Great Military Stories

D-Day – The Longest Day

D-Day – The Longest Day

It was a cloudy, breezy morning on Tuesday, June 6, 1944 as the largest seaborne invasion in history began when British, Canadian and American troops set off across the unpredictable, dangerous English Channel from Portsmouth, England. Their destination: the beaches at Normandy, France. As the 5000-ship convoy carrying over 150,000 men and nearly 30,000 vehicles made its way across the choppy channel, thousands of paratroopers and glider troops were already on the ground behind enemy...

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The First Battle of the Somme (1916)

The First Battle of the Somme (1916)

The First Battle of the Somme is famous chiefly on account of the loss of 58,000 British troops (one third of them killed) on the first day of the battle, July 1, 1916, which to this day remains a one-day record Bombardment of the German lines before the First Battle of the Somme The attack was preceded by an eight-day preliminary bombardment of the German lines, with expectations that the ferocity of the bombardment would entirely destroy all forward German defenses, enabling the attacking...

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MCPO Carl Maxie Brashear, U.S. Navy (1948-1979)

MCPO Carl Maxie Brashear, U.S. Navy (1948-1979)

Biography Carl Maxie Brashear came from humble beginnings, which gave no hint of the significant course his life would later take. Carl was the sixth of eight children born to sharecroppers McDonald and Gonzella Brashear in rural Tonieville, Kentucky, on January 19, 1931. Even though their home did not have electricity or running water, Brashear remembered a very happy childhood. The children found entertainment in telling jokes and playing with their father. Carl's great uncle was a preacher,...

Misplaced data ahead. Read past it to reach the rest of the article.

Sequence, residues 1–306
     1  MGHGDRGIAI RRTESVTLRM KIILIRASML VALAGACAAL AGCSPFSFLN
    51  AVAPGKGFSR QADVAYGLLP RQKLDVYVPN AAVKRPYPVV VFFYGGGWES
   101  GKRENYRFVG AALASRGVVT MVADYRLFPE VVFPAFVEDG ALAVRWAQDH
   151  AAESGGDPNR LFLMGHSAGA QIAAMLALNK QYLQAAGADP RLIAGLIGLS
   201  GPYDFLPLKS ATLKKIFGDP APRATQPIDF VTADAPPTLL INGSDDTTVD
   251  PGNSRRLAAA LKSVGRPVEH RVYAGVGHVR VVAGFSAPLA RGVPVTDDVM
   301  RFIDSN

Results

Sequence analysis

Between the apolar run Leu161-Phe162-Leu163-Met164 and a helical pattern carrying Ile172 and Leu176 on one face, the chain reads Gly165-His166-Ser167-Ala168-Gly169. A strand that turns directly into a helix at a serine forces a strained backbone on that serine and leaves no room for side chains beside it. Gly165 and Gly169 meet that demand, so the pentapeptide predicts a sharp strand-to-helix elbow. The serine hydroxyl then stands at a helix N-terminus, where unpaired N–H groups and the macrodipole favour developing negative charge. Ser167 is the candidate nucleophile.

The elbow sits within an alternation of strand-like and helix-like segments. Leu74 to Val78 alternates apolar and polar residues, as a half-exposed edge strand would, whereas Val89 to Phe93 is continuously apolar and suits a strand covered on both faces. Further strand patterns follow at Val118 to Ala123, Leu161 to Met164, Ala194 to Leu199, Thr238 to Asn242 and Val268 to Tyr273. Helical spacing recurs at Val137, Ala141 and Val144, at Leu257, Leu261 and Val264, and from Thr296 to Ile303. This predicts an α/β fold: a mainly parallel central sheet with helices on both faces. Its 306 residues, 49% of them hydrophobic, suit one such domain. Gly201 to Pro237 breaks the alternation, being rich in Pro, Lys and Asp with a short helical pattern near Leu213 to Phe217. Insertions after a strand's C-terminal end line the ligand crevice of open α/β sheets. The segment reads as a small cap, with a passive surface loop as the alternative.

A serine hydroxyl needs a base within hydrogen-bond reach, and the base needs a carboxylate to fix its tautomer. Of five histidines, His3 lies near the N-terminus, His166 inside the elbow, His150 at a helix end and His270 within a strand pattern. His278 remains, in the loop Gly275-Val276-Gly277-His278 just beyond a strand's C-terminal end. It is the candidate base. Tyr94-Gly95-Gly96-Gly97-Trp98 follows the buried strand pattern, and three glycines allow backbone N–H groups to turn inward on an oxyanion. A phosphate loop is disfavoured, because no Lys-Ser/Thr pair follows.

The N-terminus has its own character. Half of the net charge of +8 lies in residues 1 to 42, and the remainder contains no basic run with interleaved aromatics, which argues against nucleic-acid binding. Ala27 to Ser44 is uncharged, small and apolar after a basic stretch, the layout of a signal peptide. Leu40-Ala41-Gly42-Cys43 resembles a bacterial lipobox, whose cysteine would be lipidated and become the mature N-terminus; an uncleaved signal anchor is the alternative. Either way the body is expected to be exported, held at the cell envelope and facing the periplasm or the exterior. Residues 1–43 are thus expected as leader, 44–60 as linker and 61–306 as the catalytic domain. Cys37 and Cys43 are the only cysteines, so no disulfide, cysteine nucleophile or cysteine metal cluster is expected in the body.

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Irena Sendler

Irena Sendler

Often, non-combatant civilians risk their lives by performing quiet yet extraordinary acts of selflessness and gallantry that require just as much bravery as a soldier charging head-on into enemy fire. Irena Sendler was one such civilian. She was a gentle but determined Polish social worker who managed to smuggle 2,500 children out of the Warsaw Ghetto during the Second World War. As amazing as this feat was, she was only internationally honored for her immense bravery toward the end of her...

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The Battle of Monte Cassino

The Battle of Monte Cassino

Allied forces landed in the Italian peninsula in September 1943. The Apennine Mountains divided the peninsula, and Allied troops split and advanced on both sides. They took control of Naples and continued the push towards Rome. Monte Cassino was the gateway to Rome. It towered above the city and provided unobstructed views. German troops occupied lookouts on the hillside but agreed to stay out of the abbey because of its historical importance. The precious manuscripts and antiquities housed in...